Effect of Medicare Part D on Employer-Sponsored Health Plans
The Medicare Prescription Drug, Improvement and Modernization Act which was enacted into law on December 8, 2003 created a new prescription drug benefit (Medicare Part D) which will become effective on January 1, 2006. Medicare Part D will cover the costs associated with obtaining outpatient prescription drugs and associated supplies for administering such drugs. Persons who are eligible to receive benefits under Medicare Part A or who are enrolled in Medicare Part B (i.e., due to age, disability or end stage renal disease) will also be eligible to enroll and receive benefits under Medicare Part D, regardless of whether such individuals also receive prescription drug coverage under an employer-sponsored health plan. Individuals who are eligible to receive benefits under Medicare Part D are initially required to enroll for such benefits during the period from November 15, 2005 through May 15, 2006 and from November 1 through December 31 of each subsequent year. Thus, the initial enrollment period for Medicare Part D benefits beginning in 2006 will begin on November 15, 2005.
As with Medicare Part B, there is a penalty applicable to individuals who are eligible to receive Medicare Part D benefits who fail to enroll in Medicare Part D in a timely manner. If an individual who becomes eligible to receive Medicare Part D benefits does not timely enroll for Medicare Part D benefits, he or she will have to pay a higher premium for such benefits if he or she chooses to subsequently enroll for Medicare Part D benefits. However, an exception applies if the eligible individual continues to work and is covered by an employer-sponsored health plan which provides "creditable" prescription drug coverage to such individual. Therefore, it is important for an individual who is Medicare Part D-eligible and who is covered under an employer-sponsored health plan to be notified as to whether the plan provides them with "creditable" prescription drug coverage.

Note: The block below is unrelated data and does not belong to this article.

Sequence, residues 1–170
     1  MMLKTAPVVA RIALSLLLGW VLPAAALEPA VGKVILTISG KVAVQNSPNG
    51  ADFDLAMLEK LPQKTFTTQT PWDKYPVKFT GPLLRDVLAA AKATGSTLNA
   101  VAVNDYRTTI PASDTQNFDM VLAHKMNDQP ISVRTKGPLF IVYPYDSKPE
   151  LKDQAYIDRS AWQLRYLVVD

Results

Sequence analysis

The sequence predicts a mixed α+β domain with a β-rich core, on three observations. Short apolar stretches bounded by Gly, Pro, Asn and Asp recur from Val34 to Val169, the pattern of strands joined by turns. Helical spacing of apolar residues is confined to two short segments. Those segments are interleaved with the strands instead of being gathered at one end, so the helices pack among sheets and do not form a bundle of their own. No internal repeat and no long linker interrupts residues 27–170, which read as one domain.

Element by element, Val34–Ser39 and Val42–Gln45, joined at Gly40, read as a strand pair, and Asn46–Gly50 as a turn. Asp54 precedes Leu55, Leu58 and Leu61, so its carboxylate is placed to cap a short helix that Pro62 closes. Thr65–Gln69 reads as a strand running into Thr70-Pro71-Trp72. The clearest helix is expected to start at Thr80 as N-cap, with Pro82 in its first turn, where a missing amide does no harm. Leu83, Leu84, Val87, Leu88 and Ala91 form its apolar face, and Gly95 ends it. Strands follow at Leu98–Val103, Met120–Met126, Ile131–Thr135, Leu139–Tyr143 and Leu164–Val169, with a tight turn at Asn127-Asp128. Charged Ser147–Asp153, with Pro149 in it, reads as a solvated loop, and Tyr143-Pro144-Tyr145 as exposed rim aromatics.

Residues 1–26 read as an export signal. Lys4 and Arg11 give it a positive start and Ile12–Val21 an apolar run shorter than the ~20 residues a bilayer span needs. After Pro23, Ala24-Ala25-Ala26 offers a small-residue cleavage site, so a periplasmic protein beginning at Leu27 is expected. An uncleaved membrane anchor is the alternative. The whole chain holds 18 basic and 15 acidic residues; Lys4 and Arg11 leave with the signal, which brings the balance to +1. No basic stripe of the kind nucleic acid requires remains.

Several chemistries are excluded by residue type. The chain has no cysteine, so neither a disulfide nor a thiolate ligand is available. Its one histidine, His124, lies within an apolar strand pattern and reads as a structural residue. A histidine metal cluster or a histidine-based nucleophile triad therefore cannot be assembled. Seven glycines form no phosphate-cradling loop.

In light of this issue, the Centers for Medicare and Medicaid Services ("CMS") has issued regulations which provide rules to determine whether prescription drug coverage under employer-sponsored health plans is "creditable" coverage for the purposes of Medicare Part D. Under these regulations, CMS provides various methods to determine whether prescription drug coverage under employer-sponsored health plans is "creditable" coverage. Generally under the CMS regulations, coverage under an employer-sponsored health plan is deemed to be "creditable" if the actuarial value of the prescription drug benefits provided under the plan equal or exceed the actuarial value of the standard Medicare Part D benefits under generally accepted actuarial practices. In order to comply with this method, an employer will be required to hire an actuary to determine whether the amount of expected paid claims under the employer-sponsored health plan for prescription drug benefits will be at least as much as the expected paid claims under Medicare Part D for the same individuals.